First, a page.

The Lesbian Poets of Headmistress Press: Gail Thomas and Lesléa Newman in Conversation

There are many things you don’t know about lesbian poets. The poetry establishment—major literary journals, male poets, poetry professors—cannot hear, see, recognize or value lesbian poetry. Lesbian poetry is largely ignored. Headmistress Press is determined to make a change in this status quo. In this special Ms. series, the brilliant, lively, lesbian poets of Headmistress Press will be bringing you their conversations with each other, in a sort of online lesbian poetry conference. 

This week, Gail Thomas interviews Lesléa Newman about her book I Carry My Mother, and Newman interviews Thomas about her book Odd Mercy, winner of the Charlotte Mew Prize.

Thomas: As a writer who has published many well-known children’s books and adult short stories, what inspires you to shift into poetry gear?

Newman: Poetry is my first love; I began writing poems when I was an adolescent and never looked back. I am always writing poems to make sense of the world outside myself, the world inside myself, and the relationship between the two. I know you have been writing poems for a long time as well. Do you remember the first poem you ever wrote?

Thomas: When I was about 15, I wrote a poem about my beloved grandmother’s death, although I did not refer to her specifically. That was followed by “Loneliness” which was a list poem of metaphors that expressed my feeling of being an outsider, even to those closest to me. When it was published in my school newspaper, I used a pseudonym because I didn’t want to expose my deepest fears. Do you think about your readership when you’re writing? As a “mid-life poet” are there any new approaches you’re using?

Newman: In the past decade or so, inspired by Marilyn Hacker, Stanley Kunitz, Richard Wilbur, and others, I have turned to formal poetry. Especially in times of intense emotion, I find it necessary to have an already existing container in which to pour unwieldly emotions that I am trying to express through language. The poems in I Carry My Mother are all written in formal verse; though I don’t think about my readership as I write, I am of course always pleased when people are moved by my work. I know that you also write formal poems. Tell me about The “Little Mommy Sonnets” which I so admire, and what brings you joy as a writer.

Thomas: I wrote the crown of sonnets six years after my mother’s death from Alzheimer’s. The form lent itself to going back and forth in time, just as the last line of each sonnet becomes the first of the next. As with the title, Odd Mercy, being with my mother during her last years allowed us a closeness that we hadn’t always felt.  It’s important to find joy, even when writing difficult material. I love reading my work to diverse audiences, especially outside academia. I’m delighted when someone says, “I didn’t think I liked or understood poetry, but your poems really moved me.” What are you working on now, Lesléa, and what advice do you have for poets trying to publish their first book?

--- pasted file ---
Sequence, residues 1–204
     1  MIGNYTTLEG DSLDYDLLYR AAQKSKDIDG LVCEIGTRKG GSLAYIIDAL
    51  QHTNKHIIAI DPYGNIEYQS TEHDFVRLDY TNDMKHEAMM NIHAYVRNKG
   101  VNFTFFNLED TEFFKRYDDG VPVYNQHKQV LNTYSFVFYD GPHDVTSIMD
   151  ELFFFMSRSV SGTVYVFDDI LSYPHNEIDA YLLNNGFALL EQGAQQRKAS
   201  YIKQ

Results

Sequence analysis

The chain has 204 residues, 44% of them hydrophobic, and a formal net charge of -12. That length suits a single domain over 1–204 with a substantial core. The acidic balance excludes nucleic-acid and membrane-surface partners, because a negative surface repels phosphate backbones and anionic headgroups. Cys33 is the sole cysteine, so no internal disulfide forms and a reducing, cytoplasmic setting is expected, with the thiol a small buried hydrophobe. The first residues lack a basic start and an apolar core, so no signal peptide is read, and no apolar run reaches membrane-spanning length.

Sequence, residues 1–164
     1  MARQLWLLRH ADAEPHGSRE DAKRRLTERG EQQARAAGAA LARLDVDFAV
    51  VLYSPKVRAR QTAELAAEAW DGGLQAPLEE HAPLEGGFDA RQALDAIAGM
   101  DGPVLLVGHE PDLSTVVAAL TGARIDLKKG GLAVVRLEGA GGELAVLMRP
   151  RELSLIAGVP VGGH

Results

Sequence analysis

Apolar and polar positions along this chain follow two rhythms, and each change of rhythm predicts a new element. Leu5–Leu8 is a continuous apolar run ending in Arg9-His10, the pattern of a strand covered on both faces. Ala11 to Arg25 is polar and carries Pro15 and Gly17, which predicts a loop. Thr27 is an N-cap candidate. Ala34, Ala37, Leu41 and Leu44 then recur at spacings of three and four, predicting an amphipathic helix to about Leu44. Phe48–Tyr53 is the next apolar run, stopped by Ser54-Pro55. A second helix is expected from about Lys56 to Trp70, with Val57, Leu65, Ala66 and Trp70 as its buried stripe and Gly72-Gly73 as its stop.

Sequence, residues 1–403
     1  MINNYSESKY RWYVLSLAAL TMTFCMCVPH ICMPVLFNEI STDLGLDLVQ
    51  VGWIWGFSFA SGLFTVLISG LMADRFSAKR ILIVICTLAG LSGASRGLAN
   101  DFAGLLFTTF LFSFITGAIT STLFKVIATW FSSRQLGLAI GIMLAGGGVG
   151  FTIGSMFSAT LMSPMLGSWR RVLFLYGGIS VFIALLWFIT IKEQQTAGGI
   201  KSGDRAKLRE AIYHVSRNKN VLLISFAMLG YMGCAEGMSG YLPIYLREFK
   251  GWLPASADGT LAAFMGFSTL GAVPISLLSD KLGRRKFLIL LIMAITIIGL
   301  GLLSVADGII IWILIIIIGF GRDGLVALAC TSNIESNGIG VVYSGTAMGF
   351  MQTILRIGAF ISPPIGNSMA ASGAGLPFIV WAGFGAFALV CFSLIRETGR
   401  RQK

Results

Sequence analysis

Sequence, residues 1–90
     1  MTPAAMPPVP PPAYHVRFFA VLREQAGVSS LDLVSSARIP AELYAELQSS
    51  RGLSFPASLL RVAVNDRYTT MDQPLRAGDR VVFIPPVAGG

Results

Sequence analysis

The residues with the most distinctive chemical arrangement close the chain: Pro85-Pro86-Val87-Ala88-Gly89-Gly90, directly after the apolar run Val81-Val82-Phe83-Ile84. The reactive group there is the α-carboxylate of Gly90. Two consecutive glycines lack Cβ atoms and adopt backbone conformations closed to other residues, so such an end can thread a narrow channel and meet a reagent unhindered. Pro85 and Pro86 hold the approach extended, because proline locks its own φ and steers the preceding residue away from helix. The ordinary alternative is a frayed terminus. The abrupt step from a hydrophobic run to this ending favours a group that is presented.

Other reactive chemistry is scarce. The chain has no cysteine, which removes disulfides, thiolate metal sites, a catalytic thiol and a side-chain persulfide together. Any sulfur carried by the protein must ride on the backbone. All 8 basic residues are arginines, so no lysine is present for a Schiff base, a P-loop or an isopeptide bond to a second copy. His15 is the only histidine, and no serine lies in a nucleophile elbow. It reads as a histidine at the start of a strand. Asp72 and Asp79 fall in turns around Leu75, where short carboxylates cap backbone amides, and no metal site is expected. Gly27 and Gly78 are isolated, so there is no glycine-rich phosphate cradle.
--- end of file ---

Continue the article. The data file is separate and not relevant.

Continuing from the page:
Newman: As far as advice goes: Read as much as possible. Write your best work. Rewrite, rewrite, rewrite. Show your work to trusted colleagues. Rewrite, rewrite, rewrite. Offer your work to journals you admire. When your work is accepted, rejoice. When your work is declined, send it out again. Be a literary citizen of the poetry community. All this will help you when you are ready to send a book-length manuscript out. Right now I am working on a series of poems about the last year of my father’s life, which will hopefully turn into a book—perhaps a companion I Carry My Mother? What advice would you give emerging poets? And what are you working on?

Thomas: Spend time researching contests and presses to find a good match, and don’t let the rejections overwhelm you. Keep revising, re-ordering, re-titling and reading. Find perceptive readers to give you feedback. Be persistent! Right now I’m researching and writing “rust belt poems” about growing up close to the coal, steel and cement industries, and I’m working on some overt political poems. You advise reading lots of poetry, so let’s name five poets who have influenced us. Mine are: Adrienne Rich, Audre Lorde, Judy Grahn, Olga Broumas and Lucille Clifton.

Newman: Great idea! I was greatly influenced by my mentors Allen Ginsberg and Grace Paley. Current poets whom I admire and learn from are Patricia Smith, Danez Smith and Ross Gay. I have heard all three read recently and was blown away. And so back I go to my writing desk.



About and

Headmistress Press publishes books of poetry by lesbians, Lesbian Poet Trading Cards and Lavender Review. Their definition of "lesbian" includes both women who identify as lesbians and people who identify with lesbians, recognizing that lesbian communities have been and continue to be informed by bi women, trans women, Two Spirit, genderqueer, gender non-comforming and non-binary people, and that many of these labels are not mutually exclusive categories. In that spirit, they welcome submissions from all poets who feel an intimate connection with the term "lesbian." They will be accepting submissions for the annual Charlotte Mew Chapbook Contest from May 4 to July 4, 2018.
Mary Meriam advocates for the right of women to love each other in their poetry and art, and strives to give their work a place at the table. She writes about and publishes such work in the journal she founded, Lavender Review, at the press she cofounded, Headmistress Press, and at Ms. magazine, The Critical Flame, and The Gay & Lesbian Review. Her poetry collections, The Countess of Flatbroke, The Poet's Zodiac, The Lillian Trilogy, and Lady of the Moon, honor a cosmos of strong, creative women. Her latest collection, My Girl's Green Jacket, was published in 2018, and her poems have appeared recently in Poetry, Prelude, Subtropics, and The Poetry Review.